"The economists who stay on the air tend to be the ones who are most willing to promote a black/white worldview. That tends to skew the view of the general public, as most economists tend to see everything in shades of grey."
This is pretty much what I was arguing when I referred to the "Richard Dawkins Effect" on the likes of Paul Krugman and others. Nuanced argument isn't entertaining. The one-handed economist rules the roost.
But is that always the case?
It seems to me that what may hold true for talking heads on the radio and Tee Vee doesn't always hold true in the blogosphere. Sure, you can find your fair share of biased blowhards, but it strikes me that many of the most prominent economist bloggers are able to carry out interesting and stimulating discussions on important topics without resorting to brow-beating. The discussion is more "academic" in the positive, constructive sense of the term. What's more, this debate is very accessible to the public.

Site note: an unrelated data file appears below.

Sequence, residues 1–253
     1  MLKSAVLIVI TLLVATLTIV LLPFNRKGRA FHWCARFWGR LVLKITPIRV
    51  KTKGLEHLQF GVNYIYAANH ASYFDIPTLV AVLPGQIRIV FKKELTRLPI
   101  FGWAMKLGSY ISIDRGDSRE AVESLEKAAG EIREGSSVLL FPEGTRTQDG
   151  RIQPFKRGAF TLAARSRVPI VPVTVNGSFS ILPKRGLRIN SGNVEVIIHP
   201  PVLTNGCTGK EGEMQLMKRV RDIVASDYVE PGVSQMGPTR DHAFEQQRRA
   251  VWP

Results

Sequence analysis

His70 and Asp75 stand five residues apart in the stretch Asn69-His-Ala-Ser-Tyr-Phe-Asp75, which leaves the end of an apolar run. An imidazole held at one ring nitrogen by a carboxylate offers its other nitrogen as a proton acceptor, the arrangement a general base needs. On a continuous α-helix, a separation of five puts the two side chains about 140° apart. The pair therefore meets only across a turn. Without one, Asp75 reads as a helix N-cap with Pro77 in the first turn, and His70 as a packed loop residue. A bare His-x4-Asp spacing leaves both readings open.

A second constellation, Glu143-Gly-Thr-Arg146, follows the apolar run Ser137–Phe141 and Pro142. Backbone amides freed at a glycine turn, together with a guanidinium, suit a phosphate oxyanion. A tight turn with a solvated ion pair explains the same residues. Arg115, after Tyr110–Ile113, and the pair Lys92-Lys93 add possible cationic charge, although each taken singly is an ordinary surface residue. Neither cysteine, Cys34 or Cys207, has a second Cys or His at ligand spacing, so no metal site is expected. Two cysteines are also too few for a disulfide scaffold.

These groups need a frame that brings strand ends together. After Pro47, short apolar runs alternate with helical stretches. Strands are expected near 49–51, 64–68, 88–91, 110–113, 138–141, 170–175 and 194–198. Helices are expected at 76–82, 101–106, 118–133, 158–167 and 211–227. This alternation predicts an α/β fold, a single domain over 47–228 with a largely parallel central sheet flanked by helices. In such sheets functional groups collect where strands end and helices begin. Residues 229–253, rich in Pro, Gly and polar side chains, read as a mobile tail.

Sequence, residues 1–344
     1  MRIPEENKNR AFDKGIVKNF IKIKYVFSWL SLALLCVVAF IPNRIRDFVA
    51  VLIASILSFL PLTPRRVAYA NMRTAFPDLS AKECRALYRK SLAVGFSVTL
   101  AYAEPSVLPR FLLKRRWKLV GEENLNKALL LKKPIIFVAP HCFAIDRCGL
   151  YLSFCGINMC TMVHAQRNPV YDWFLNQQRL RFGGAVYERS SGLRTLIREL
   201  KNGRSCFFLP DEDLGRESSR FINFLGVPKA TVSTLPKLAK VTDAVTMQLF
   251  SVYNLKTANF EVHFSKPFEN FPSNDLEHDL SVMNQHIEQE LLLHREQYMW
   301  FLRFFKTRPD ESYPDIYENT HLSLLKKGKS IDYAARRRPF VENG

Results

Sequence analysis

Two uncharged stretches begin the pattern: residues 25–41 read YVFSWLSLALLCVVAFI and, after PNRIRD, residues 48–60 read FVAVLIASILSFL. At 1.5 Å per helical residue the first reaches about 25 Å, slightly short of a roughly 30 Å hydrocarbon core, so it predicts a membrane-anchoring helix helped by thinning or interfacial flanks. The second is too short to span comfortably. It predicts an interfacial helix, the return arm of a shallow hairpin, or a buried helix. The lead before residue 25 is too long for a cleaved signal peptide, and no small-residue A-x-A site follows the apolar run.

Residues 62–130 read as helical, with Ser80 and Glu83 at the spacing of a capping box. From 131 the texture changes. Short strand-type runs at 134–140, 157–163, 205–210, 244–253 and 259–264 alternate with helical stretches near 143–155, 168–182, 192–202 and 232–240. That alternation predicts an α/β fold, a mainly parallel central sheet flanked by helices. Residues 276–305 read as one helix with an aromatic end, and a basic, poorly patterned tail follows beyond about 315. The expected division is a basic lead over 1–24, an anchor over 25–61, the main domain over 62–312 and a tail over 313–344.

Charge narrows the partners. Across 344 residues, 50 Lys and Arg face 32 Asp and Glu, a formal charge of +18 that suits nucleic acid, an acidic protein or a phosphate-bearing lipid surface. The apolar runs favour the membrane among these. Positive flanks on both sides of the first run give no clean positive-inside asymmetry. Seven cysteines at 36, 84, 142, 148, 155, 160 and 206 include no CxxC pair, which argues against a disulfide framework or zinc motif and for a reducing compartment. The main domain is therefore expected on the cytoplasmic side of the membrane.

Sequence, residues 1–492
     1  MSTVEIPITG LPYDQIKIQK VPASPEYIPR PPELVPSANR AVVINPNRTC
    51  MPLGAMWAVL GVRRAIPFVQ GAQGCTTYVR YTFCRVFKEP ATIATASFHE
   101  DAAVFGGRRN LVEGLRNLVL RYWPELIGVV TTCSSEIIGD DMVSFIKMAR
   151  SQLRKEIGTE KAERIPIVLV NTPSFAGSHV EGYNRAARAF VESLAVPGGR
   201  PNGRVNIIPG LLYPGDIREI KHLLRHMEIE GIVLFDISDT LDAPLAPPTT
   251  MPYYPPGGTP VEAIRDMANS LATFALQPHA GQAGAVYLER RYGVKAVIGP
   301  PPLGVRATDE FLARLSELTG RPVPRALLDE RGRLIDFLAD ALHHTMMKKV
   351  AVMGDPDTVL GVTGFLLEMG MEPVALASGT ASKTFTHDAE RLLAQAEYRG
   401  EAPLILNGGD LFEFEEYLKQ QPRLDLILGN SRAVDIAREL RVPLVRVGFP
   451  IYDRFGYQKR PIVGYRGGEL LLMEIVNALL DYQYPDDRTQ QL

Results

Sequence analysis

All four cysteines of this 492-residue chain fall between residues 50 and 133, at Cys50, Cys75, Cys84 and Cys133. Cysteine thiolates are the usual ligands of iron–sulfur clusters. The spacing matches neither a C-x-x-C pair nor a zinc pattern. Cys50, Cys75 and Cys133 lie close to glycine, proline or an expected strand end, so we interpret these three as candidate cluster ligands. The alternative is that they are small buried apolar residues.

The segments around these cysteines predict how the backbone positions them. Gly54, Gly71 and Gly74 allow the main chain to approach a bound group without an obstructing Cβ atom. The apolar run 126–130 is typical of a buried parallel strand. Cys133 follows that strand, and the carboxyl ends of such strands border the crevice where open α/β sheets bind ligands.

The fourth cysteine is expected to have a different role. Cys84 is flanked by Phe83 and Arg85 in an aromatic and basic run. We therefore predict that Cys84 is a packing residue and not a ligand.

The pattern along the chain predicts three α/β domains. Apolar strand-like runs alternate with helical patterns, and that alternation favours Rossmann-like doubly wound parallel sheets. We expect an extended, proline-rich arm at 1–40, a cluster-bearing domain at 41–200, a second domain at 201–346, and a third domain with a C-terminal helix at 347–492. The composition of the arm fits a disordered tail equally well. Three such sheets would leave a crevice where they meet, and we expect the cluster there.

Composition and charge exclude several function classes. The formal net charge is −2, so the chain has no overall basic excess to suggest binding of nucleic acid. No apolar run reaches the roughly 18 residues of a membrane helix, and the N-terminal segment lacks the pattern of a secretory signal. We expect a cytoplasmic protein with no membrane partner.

An interesting sub-question would therefore be: why does this nuanced debate seem to thrive on the internets, but not in the traditional media?
I do think Mike is wrong about the benefits of media exposure, however. For instance, in the United States, if you're a prominent economist-blogger you can apparently be invited to lambaste US Treasury officials in person - which is both fun and intellectually stimulating!